Saturday, July 5, 2014

Diana Waring~ Experience History Through Music ~ book and CD sets

I have been delighted to be a part of the Diana Waring and Friends Launch team for "Experience History Through Music." I would like to give you a little more information about the books and CDs, which I received for review as well as being allowed to participate in the fantastic giveaway being sponsored by Diana and Friends (which ended tonight, July 4~ just in time for the celebration of our nation and independence.
WOW... WOW... WOW!! 19,644 entries into this giveaway! Many blessings in store for the winner!).

I am sharing the "Book Descriptions" as well as our personal opinions and thoughts on each one, followed by a short author interview. 

Experience History Through Music contains 3 book/CD sets:

America 1750-1890:The Heart of a New Nation
Westward Ho!: The Heart of the Old West
Musical Memories of Laura Ingalls Wilder

As the name of this series implies, these book and CD sets allow you to Experience History Through Music. Each title contains one book and one CD. The pages of the books hold dozens of historical pictures; bright and interesting stories connecting each of the songs to its moment in history, even sheet music and chord charts! The CDs are rousing , professional recordings that draw in all listeners. The two combine for fond memories and a grand, knee-slapping good time.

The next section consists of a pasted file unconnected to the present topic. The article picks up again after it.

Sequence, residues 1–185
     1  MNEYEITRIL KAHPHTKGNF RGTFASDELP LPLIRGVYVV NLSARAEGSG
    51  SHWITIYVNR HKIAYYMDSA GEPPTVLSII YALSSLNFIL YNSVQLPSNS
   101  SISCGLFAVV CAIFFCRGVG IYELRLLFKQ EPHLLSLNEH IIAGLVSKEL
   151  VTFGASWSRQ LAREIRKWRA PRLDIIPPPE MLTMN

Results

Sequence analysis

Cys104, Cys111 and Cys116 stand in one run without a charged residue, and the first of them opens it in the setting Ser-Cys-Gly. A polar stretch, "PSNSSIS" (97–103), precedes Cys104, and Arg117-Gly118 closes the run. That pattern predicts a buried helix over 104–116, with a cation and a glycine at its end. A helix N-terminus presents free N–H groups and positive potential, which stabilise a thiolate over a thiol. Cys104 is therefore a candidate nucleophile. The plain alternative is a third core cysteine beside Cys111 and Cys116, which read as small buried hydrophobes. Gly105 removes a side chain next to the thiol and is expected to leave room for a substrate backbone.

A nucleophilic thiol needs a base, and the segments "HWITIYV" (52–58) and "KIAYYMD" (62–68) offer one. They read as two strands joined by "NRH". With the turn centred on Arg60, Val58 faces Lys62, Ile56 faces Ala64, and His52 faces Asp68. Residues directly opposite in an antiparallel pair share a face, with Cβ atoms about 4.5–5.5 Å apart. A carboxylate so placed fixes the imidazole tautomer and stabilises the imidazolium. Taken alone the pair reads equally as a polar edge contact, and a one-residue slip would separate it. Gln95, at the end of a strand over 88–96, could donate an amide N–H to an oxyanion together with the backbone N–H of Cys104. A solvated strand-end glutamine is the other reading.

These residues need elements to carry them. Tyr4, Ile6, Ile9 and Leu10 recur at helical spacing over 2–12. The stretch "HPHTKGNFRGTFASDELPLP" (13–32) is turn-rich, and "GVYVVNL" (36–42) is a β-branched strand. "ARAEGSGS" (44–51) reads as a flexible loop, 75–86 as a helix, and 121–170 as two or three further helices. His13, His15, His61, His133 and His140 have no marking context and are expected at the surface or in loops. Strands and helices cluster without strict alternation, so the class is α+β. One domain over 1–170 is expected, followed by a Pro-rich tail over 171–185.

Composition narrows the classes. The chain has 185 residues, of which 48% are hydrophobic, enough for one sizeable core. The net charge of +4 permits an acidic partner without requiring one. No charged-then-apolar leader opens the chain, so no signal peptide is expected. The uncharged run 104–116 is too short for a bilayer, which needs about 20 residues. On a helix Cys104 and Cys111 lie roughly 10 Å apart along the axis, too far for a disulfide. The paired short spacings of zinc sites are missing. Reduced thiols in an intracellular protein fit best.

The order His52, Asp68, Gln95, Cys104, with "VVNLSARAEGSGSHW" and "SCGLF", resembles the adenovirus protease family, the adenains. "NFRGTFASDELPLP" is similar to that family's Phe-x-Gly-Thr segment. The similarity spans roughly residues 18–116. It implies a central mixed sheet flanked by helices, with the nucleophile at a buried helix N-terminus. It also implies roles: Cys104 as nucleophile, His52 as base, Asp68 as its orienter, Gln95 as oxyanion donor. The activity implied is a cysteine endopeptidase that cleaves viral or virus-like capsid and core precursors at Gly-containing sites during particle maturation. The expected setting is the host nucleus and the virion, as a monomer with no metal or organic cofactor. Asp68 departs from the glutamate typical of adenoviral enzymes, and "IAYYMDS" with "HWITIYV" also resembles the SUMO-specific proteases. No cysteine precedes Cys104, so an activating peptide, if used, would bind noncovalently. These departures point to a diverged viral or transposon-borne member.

My two oldest and I took turns reading the stories and "summarizing" them for the others, which worked well, since we have a 7 year old joining in. The stories give some great background information, which we always enjoy~ and which make the songs much more interesting and memorable.